An example of beautiful simple photos on the Adored Vintage website which show of the product perfectly.

9. Don’t just sell online. There are so many sites out there that the best way to make money selling vintage is offline. Be prepared to give up your weekend and sign up for every vintage fair, market and vintage event in your area. Stalls can be a little pricey. When I sold at vintage fairs I teamed up with a friend who sold vintage jewellery and we shared a stall. It’s also worth looking into local pop-up shops.

Vintage Fair

10. Don’t expect overnight success, it takes a while to get your name out there. You can build hype for your launch by sending out press releases, working hard to build a social media following and even holding a launch party. Be prepared to put many hours into promoting your new business.

11. Start small. If you’re not ready to launch a full site and everything that goes with it, why not start by selling on Ebay, Etsy or Asos Marketplace. It’s a lot less complicated and it’s a great way of getting experience of what sells and for how much.

12. Keep records. Be organised and carefully catalogue every penny that goes in and out of your business, it makes filing tax returns so much easier. If you feel daunted it might be worth seeking help from an accountant.

13. Don’t buy every piece of vintage you see. It can be very easy to buy every vintage bargain you see, however remember to be selective and only invest in the right pieces.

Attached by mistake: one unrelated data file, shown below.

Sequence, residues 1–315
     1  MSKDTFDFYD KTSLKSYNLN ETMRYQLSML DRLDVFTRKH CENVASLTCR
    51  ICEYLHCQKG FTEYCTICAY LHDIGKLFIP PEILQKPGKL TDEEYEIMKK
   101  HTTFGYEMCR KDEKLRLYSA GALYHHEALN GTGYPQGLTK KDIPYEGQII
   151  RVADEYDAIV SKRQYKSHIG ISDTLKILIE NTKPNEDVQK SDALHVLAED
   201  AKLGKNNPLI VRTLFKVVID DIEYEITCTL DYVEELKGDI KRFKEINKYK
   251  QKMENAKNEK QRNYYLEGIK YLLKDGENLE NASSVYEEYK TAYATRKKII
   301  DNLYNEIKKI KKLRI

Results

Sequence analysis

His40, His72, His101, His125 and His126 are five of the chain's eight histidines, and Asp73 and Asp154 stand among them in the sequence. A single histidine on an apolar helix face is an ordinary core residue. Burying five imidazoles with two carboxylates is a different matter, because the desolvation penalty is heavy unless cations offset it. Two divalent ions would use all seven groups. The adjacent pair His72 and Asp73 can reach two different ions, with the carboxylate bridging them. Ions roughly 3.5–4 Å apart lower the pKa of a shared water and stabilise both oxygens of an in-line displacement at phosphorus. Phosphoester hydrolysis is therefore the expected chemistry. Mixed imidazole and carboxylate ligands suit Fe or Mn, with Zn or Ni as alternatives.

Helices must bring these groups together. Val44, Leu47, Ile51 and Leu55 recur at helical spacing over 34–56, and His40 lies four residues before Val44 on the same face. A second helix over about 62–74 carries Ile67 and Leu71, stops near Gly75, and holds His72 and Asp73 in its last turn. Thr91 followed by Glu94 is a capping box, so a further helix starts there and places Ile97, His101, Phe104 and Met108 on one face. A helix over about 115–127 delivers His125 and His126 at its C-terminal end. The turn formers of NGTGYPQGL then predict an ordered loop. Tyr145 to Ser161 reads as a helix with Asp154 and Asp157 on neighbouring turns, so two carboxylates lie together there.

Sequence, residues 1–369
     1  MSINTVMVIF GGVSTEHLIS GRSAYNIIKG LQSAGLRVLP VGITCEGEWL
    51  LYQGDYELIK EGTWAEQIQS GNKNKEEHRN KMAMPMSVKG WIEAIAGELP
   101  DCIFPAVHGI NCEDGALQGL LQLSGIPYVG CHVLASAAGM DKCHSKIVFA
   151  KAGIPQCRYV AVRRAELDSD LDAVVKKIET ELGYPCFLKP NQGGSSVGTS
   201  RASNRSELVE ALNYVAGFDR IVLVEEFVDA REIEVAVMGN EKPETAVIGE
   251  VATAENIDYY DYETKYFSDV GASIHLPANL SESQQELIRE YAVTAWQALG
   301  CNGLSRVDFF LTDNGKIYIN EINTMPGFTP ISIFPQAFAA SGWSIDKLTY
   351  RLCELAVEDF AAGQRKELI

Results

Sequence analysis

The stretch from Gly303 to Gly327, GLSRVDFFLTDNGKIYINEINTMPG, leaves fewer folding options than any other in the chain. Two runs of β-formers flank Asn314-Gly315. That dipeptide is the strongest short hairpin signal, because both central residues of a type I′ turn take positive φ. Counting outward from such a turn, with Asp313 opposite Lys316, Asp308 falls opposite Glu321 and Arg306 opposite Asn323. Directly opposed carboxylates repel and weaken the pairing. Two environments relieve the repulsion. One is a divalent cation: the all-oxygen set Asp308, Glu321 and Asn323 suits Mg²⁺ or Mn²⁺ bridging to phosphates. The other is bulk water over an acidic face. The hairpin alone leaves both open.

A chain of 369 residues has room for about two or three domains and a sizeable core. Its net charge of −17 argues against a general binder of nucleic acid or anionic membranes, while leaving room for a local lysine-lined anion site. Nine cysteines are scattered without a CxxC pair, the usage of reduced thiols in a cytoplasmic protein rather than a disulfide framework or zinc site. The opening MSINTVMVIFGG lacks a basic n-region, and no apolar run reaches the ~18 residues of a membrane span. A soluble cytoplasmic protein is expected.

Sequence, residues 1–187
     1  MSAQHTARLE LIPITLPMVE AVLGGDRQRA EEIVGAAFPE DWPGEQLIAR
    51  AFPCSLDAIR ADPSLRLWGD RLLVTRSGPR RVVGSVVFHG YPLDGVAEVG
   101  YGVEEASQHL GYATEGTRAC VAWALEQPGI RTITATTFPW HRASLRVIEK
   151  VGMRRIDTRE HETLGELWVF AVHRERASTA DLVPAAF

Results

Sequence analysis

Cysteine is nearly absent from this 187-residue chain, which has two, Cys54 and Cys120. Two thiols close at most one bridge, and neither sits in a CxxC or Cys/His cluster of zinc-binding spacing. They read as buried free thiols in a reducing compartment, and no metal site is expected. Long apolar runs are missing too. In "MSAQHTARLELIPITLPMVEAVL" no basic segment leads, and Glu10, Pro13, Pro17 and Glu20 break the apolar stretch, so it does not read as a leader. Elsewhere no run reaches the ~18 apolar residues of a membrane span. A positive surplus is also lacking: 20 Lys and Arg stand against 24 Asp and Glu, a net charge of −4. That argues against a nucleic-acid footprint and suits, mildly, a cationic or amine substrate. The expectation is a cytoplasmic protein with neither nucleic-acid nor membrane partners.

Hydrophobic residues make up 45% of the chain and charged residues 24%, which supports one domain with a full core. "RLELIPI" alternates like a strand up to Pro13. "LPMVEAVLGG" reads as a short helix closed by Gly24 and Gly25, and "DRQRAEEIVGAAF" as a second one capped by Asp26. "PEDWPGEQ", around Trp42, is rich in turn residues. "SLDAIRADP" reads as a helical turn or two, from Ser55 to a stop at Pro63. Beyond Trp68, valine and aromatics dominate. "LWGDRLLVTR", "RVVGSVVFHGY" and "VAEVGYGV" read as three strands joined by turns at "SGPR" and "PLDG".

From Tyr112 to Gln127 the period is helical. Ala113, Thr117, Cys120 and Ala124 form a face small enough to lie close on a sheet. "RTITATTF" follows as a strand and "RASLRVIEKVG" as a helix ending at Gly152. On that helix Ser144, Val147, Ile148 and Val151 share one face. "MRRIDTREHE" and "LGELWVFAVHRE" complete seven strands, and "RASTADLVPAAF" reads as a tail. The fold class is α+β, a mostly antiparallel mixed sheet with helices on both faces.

14. Have somewhere to keep your stock. Vintage clothes need to be stored properly, so make sure you actually have room to store it all. The last thing you need is your business taking over your house.

I have to say I loved selling vintage for a living. You’ll never get rich selling vintage but it’s wonderful doing a job you enjoy and selling something your enthusiastic about. I hope my tips are helpful and if you have any questions or tips of your own please add them in the comments section below.


    • vintagefrills July 12, 2013 / 2:47 pm

      Thank you honey, I’m glad you liked it xxx

    • Paul July 9, 2016 / 1:45 pm

      We have been vintage sellers for over 10 years, having sold through our own web page as well as Ebay, etsy and ASOS Marketplace. We have found it increasing hard to get the visibility within these site so get our items seen. Ebay especially seem to constantly manipulate the best match so sales patterns are really erratic.
      As we couldn’t find a dedicated Vintage marketplace dedicated to the UK market we decided to create one ourselves. It is very early days but so far the response has been fantastic. We have some fabulous vintage sellers already signed up and it is growing here fast.
      There is no listing fee and we also provide a full product import service so can get all your products imported from other marketplaces very quickly for you.
      The UK needs a great alternative to the corporate giants, managed by staff with a passion for vintage. We are putting in a huge amount of effort and investing a lot of money to ensure that our sellers get the exposure their products deserve.
      Please help us to spread the word.

  1. vintagefrenchchic July 10, 2013 / 11:53 am

    Great post!.. I don’t think I have the energy or dedication to be a full-fledged vintage proprietor. I have an Etsy store but I don’t get involved with clothing too much because of storage and “presentation” issues. Even with the items I do have for sale, it is hard to find storage space for everything….and I hate clutter. : )